Suresh Naidu writes:
…let me suggest that if we’re aiming for politically hopeless ideas, open migration is as least as good as the global wealth tax in the short run, and perhaps complementary.One weakness of the book is its focus on the large core economies (the data obviously is better and the wealth is obviously larger). But liberalizing immigration, while not solving the ultimate problem the book diagnoses, can go some of the way by raising growth of both income and population.
Maybe, that will likely improve welfare but in an Alvin Hansen model it can make Piketty-like phenomena (I won’t call them problems) more extreme. In any case there are more straightforward remedies. Social Security privatization is another option, if r > g is truly such a likelihood. Yet Piketty and his boosters won’t mention this. By the way, I am opposed to social security privatization — scroll down in that link — but I probably would favor it if it my views were closer to Piketty’s.
Here is a somewhat biting paragraph on Piketty and policy from my Foreign Affairs review (use “open private window” in Firefox, if need be):
Piketty also ignores other problems that would surely stem from so much wealth redistribution and political control of the economy, and the book suffers from Piketty’s disconnection from practical politics — a condition that might not hinder his standing in the left-wing intellectual circles of Paris but that seems naive when confronted with broader global economic and political realities. In perhaps the most revealing line of the book, the 42-year-old Piketty writes that since the age of 25, he has not left Paris, “except for a few brief trips.” Maybe it is that lack of exposure to conditions and politics elsewhere that allows Piketty to write the following words with a straight face: “Before we can learn to efficiently organize public financing equivalent to two-thirds to three-quarters of national income” — which would be the practical effect of his tax plan — “it would be good to improve the organization and operation of the existing public sector.” It would indeed. But Piketty makes such a massive reform project sound like a mere engineering problem, comparable to setting up a public register of vaccinated children or expanding the dog catcher’s office.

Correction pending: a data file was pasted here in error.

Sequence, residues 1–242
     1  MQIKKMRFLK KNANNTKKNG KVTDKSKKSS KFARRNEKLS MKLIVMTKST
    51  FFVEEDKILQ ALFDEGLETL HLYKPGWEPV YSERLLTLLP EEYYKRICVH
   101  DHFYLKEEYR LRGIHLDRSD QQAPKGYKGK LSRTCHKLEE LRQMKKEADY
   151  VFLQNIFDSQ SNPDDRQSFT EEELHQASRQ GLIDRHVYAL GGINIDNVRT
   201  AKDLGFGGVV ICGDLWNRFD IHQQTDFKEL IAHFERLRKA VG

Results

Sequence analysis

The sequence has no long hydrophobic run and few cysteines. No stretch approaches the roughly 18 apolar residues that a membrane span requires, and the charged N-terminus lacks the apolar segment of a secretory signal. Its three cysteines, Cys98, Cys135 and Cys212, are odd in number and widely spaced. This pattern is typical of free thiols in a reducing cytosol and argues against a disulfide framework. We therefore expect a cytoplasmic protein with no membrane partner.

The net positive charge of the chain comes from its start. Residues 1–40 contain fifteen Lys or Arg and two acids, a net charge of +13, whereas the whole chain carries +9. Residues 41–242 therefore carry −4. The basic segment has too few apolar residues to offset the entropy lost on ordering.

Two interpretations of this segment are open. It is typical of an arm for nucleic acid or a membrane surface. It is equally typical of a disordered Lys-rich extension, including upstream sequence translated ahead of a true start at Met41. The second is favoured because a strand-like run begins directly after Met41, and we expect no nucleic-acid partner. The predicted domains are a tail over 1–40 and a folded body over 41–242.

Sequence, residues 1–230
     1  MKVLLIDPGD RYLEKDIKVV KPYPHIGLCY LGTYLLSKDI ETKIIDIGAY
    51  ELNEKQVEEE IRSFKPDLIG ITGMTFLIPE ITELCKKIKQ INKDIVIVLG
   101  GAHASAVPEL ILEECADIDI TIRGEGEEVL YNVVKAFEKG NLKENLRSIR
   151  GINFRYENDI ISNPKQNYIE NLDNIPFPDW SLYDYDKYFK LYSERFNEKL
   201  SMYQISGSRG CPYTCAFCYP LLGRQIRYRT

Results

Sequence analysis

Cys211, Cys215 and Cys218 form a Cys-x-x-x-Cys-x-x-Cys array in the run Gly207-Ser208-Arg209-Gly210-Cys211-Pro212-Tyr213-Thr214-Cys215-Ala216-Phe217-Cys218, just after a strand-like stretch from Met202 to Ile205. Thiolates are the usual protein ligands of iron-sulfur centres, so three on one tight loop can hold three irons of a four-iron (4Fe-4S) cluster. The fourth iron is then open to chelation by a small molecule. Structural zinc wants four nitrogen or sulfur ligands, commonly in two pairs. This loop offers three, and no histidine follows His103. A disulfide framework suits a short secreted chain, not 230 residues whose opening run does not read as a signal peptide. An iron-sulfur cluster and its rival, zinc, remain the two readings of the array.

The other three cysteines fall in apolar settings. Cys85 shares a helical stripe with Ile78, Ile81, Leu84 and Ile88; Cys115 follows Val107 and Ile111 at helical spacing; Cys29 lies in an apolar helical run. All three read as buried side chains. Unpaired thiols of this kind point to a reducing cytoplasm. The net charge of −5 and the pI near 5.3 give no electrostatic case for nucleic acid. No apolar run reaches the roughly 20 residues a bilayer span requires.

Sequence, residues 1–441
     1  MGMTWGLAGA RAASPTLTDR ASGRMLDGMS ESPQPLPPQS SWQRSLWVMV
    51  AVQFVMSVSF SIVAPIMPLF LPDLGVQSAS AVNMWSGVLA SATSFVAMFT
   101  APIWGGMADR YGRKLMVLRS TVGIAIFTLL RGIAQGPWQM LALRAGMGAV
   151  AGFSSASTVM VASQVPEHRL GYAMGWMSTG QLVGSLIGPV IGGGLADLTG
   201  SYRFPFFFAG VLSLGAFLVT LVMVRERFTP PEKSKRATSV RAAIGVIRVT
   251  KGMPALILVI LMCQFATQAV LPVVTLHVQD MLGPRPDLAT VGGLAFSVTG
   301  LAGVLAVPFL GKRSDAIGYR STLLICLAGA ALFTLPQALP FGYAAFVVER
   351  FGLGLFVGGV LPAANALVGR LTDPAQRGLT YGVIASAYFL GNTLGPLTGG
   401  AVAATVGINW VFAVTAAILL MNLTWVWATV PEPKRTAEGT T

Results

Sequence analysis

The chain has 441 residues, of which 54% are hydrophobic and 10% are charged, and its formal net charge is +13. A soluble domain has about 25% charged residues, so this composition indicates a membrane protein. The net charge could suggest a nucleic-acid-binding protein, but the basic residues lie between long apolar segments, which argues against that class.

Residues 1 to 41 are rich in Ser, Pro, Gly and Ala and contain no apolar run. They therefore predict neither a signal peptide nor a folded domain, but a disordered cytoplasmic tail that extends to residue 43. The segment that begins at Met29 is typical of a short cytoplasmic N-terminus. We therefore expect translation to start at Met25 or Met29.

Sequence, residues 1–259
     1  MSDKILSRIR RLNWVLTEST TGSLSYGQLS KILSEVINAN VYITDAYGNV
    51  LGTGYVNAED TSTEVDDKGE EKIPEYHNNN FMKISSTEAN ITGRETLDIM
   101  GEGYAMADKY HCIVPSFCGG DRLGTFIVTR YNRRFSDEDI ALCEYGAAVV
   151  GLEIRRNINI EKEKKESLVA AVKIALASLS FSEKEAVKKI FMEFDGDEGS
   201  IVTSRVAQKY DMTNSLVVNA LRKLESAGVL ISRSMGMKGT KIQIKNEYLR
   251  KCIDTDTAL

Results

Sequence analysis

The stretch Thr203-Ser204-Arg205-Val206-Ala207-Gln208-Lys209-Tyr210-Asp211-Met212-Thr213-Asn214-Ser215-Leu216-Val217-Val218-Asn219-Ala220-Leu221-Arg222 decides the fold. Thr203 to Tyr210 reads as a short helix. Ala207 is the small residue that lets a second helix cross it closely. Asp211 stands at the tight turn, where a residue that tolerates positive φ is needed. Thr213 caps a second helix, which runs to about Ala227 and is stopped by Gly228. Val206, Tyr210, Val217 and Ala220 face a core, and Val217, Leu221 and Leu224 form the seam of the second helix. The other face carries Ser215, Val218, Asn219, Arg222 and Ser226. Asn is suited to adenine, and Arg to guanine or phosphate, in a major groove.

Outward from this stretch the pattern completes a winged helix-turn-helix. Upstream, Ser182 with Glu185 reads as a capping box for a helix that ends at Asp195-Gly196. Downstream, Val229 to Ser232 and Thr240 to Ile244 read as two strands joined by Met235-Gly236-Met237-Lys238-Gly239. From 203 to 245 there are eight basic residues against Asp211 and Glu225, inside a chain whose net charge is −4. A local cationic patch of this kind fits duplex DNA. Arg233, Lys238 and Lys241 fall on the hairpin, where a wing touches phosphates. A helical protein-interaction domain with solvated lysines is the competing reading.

Here is another:
Worse, Piketty fails to grapple with the actual history of the kind of wealth tax he supports, a subject that has been studied in great detail by the economist Barry Eichengreen, among others. Historically, such taxes have been implemented slowly, with a high level of political opposition, and with only modestly successful results in terms of generating revenue, since potentially taxable resources are often stashed in offshore havens or disguised in shell companies and trusts. And when governments have imposed significant wealth taxes quickly — as opposed to, say, the slow evolution of local, consent-based property taxes — those policies have been accompanied by crumbling economies and political instability.
The simple fact is that large wealth taxes do not mesh well with the norms and practices required by a successful and prosperous capitalist democracy. It is hard to find well-functioning societies based on anything other than strong legal, political, and institutional respect and support for their most successful citizens. Therein lies the most fundamental problem with Piketty’s policy proposals: the best parts of his book argue that, left unchecked, capital and capitalists inevitably accrue too much power — and yet Piketty seems to believe that governments and politicians are somehow exempt from the same dynamic.
And finally the review closes with this:
A more sensible and practicable policy agenda for reducing inequality would include calls for establishing more sovereign wealth funds, which Piketty discusses but does not embrace; for limiting the tax deductions that noncharitable nonprofits can claim; for deregulating urban development and loosening zoning laws, which would encourage more housing construction and make it easier and cheaper to live in cities such as San Francisco and, yes, Paris; for offering more opportunity grants for young people; and for improving education. Creating more value in an economy would do more than wealth redistribution to combat the harmful effects of inequality.